17 Mile Cave, Idaho – There Are Monsters

"The Rich," writes Professor of Maryland University, Michael Olmert, "have a great impact on history." Where they live and the things they own "dominate what we know about the past, just because good things outperform the popular and the efermal," writes Milton's Teeth and Ovid's Umbrella.

"Graffiti Let's make it a bit," adds, "driving on the well-lit walls to bring an alternate past to light." Nobody in Idaho Idaho is visible, Stuffed lava stone that was blasted with an explosive bottle of browned bristles Under a full-bodied field. Over the last decades, graffiti artists have decorated names, dates, pictures and love notes with 17-Mile Cave basalt walls. And monsters. My son's favorite. The 17-Mile Cave is just 400 meters south of the US Highway, about 17 miles from downtown Idaho Falls, Id, a place where Idaho is a historic "Elephant Hunters." Parking at the grab head or dirt road that is south Located dome around. The cave entrance is in the cave.

The location, size, and makeup of the cave is an excellent venue for interested speleologists, no matter how young they are. Michelle and I three of our children – Liam, 7-year-old, Lexie, 5 and Isaac, 2½, took the cave to the first bouncing adventure.

Of course, those who think their mother when they say that father first goes to the cave breathe cold air like a massive fridge to control the bears), their first adventure did not come without tears. At the entrance of the cave, a dozen meters away are the younger ones. (My wife Michelle took them, we waited for half an hour on the van, and on our way home, he added this story to our daughter's literary idea: "I told Lexie to put his torch on the ground." He saw the rocks as we walked out, "he said, He and I went, he led the way, his flashlight sent random light from the walls, the floor, and the floor to the floor.

The cave is an easy walk experience, the entrance is the hardest. Adults and tall children need to have a goat and stand down from a short, natural lava stone stair – up to 12 feet away – before the cave opens From here it is only half a mile from the cave end and only two short sections are needed. No branch, no chance of being lost, though it is completely dark when it leaves the entrance.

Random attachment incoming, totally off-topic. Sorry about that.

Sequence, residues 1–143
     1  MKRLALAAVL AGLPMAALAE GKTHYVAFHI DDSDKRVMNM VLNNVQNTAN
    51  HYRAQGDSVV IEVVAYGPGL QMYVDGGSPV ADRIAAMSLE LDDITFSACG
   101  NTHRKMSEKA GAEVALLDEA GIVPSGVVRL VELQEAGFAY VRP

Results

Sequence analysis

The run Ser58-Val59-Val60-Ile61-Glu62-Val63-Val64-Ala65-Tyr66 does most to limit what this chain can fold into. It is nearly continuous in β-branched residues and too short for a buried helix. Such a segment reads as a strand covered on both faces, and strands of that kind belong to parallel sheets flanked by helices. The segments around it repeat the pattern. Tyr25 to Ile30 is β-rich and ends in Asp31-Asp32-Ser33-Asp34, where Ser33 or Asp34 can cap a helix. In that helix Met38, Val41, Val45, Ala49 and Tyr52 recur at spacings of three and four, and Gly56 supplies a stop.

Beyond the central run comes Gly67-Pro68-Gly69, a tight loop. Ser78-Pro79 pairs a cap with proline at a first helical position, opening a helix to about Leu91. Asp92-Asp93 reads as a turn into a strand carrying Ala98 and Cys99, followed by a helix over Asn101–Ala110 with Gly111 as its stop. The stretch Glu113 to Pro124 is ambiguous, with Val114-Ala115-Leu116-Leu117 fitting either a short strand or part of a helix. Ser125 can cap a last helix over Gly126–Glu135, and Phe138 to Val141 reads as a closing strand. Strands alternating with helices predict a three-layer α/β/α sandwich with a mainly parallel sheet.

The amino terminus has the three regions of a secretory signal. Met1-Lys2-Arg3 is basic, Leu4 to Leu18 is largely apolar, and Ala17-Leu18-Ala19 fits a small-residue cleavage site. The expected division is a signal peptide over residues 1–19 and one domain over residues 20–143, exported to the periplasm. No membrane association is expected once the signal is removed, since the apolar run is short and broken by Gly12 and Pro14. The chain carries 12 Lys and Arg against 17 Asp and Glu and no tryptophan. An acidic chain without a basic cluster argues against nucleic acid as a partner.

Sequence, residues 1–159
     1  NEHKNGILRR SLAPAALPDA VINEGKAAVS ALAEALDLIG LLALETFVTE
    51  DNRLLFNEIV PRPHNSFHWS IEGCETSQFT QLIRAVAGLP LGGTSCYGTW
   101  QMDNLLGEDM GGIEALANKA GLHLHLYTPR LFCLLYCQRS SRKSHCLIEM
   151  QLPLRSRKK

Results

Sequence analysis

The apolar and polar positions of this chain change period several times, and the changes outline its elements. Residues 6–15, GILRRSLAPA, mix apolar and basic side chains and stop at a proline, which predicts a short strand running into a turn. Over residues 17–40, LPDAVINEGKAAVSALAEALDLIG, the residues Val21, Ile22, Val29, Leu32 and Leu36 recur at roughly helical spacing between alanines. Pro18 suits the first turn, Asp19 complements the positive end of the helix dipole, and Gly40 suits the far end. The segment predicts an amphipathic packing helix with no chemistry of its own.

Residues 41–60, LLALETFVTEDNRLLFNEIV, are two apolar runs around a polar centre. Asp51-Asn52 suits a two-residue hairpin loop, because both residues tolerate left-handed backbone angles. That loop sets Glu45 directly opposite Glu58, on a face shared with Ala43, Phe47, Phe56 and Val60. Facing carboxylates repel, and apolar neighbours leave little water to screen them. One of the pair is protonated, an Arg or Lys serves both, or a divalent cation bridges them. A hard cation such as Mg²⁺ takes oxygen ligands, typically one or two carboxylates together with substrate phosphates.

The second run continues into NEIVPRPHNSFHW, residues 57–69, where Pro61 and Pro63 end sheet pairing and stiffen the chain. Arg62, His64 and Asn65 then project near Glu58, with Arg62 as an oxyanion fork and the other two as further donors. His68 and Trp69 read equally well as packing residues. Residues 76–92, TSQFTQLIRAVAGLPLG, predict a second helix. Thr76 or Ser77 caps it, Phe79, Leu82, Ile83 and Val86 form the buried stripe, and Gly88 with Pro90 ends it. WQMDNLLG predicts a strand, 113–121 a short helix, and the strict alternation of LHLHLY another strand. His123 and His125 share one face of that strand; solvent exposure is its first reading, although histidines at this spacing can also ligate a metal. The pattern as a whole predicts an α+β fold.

The natural rock slope, which the only big bolt of the cave quickly covers the entrance and the light that enters the cave. The cave is about a dozen meters wide and is easily ten meters high, although there is a chamber where the cave is at least twenty feet wide and simply thirty feet tall – the venue is enough for an improvised football game I brought enough light.

The cave teaches silent seven-year-olds. Halfway I ran through Liam's chatter and told her to tell what she had heard:

Far away, a dripping. . .drip. . .drip. .

A little closer to "Errrrr, rerrrr, rerrrr, rerrrrrrrr."

"Is this a monster?" 19459002

"Do not think, boy, someone else in the cave has a flashlight like us." Rotate the rechargeable light handle and give the same sound. "Do you hear your echo?"

"HELLO!" His grave in the darkness and blinking into his flashlight as if trying to follow his cry as it echoes.

Then we see the lights in front of him. "Hello, who is your name?" "You have seen a monster," he shouted, echoing that they broke into each other like bumper cars.

There are no monsters. Only a family with a curious, friendly black lab.

We walk, with the understanding that while a cave can teach silence, this lesson may not necessarily be heard as a typical youth questionnaire.

Is there lava in the cave, Dad? (I was telling the way to the cave, how, thousands of years ago, the cave was shaped so that the lava flowed beneath the ground and then went out and left it behind the cave.) 19459002